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Shaw Flooding Leaves Residents Worried

by Tim Regan June 16, 2015 at 2:15 pm 1 Comment

(Updated at 3:37 p.m.) Some Shaw residents are worried after Sunday’s heavy rainstorm caused their drains to overflow with sewage for the second time in the past year.

Tony Lenzi, who owns the home at 928 P ST NW, said the downpour left four inches of standing water and sewage in the home’s basement.

“I’ve heard from six other neighbors who have been affected,” says Lenzi. “Two of our neighbors were flooded by sewer and storm water backup for the second time in almost a year.”

Tom Allen, who lives on the same block as Lenzi’s home, told WJLA last night that he’s worried the flooding is becoming more common, partly because of new developments that might be stressing the water infrastructure.

Lenzi agrees: “Our worry in the neighborhood is how both Logan and Shaw will handle the density being added,” he says. “Some of our neighbors have lived here for decades and haven’t seen this kind of flooding.”

D.C. Water spokesperson John Lisle says he’s aware of the flooding on P Street, but is doubtful Sunday’s flooding was caused solely by new population density. Instead, Lisle says the flooding occurred because the area’s sewers were overwhelmed by large amounts of rain.

“The sewers, for really intense rainstorms, don’t have enough capacity,” Lisle explains.

“And they’re undersized,” Lisle adds. “They probably always have been.”

The problem is fixable, says Lisle, just not until 2022 when the city completes its Northeast Boundary Tunnel meant to reduce flooding related to sewer overflows.

For now, Lisle recommends Shaw residents buy insurance and invest in a backflow prevention device.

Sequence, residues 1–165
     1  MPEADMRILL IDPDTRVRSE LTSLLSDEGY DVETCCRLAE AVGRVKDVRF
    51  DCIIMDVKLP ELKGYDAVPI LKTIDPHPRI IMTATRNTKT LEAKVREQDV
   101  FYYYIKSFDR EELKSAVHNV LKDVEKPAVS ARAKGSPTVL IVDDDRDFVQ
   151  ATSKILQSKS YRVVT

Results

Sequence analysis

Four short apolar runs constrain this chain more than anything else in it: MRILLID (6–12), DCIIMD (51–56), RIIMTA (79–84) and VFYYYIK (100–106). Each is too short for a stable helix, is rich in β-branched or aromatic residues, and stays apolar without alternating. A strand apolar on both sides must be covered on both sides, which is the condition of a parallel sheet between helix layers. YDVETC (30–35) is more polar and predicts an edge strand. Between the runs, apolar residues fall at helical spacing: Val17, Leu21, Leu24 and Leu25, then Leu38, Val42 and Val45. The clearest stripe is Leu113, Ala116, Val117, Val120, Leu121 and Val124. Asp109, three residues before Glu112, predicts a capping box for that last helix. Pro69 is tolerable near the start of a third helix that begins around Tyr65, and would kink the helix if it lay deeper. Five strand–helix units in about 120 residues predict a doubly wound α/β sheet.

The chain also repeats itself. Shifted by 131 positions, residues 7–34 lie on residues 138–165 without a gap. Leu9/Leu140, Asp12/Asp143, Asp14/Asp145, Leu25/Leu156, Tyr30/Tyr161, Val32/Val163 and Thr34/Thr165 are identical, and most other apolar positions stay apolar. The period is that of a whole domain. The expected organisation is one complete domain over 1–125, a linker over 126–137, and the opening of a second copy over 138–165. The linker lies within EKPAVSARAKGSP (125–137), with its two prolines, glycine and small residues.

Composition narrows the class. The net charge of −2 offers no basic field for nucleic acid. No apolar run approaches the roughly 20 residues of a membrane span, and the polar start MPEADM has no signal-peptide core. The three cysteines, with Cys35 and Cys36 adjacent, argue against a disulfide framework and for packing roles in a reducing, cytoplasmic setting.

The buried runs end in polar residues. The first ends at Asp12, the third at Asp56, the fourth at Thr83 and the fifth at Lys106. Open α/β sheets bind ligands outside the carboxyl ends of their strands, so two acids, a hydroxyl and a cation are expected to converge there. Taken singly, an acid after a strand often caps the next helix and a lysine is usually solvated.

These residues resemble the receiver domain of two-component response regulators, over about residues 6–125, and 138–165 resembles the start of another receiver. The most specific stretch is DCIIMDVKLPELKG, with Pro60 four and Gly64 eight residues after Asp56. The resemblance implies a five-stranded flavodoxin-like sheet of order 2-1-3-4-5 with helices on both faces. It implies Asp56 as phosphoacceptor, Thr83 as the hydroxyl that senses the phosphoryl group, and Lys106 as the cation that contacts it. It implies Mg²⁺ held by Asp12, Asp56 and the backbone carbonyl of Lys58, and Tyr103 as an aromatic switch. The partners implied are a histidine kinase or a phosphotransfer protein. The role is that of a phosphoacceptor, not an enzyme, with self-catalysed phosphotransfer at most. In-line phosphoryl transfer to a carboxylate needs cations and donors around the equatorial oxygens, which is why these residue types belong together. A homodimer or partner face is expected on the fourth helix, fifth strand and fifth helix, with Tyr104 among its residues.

Comments (1)

  1. Hey guys –

    1. First off, we’re very sorry to hear about the flooding in the OP’s home.

    2. Typically, 311 is a good resource but for a water or sewer emergency situation, it’s best to call our 24-hour Command Center directly at 202-612-3400.

    3. We are also responsible for clearing catch basins (storm drains). You can tweet us a location or use our online Report a Problem feature at https://www.dcwater.com/report_problem/default.cfm. We have a team that cleans catch basins all day, everyday.

    4. Regarding the OP’s situation, we are checking the connecting sewer now to ensure that there is not an obstruction or another issue that would have caused a surcharge. If we find a problem that can be remedied, we will correct it immediately.

    5. There are also steps property owners can take to protect their
    homes. We strongly recommend installing a backwater valve which prevents
    wastewater from entering your building during surcharges of the public
    sewer system or back-ups caused by storms.

    6. Lastly, if we cannot locate an obstruction, then the most probably cause is the century old sewers in the neighborhood that are now undersized for the current population. We’re addressing that issue by building the Northeast Boundary Tunnel (which will also alleviate flooding in Bloomingdale and LeDroit Park). The tunnel is scheduled for completion in 2022 which is not what people would want to necessarily hear but it is the truth.

    I’ll be sticking around if anyone else has any follow ups. You can also tweet @dcwater. We post fun stuff too so if you follow us, it won’t just be all poop talk.

    -Andy from DC Water

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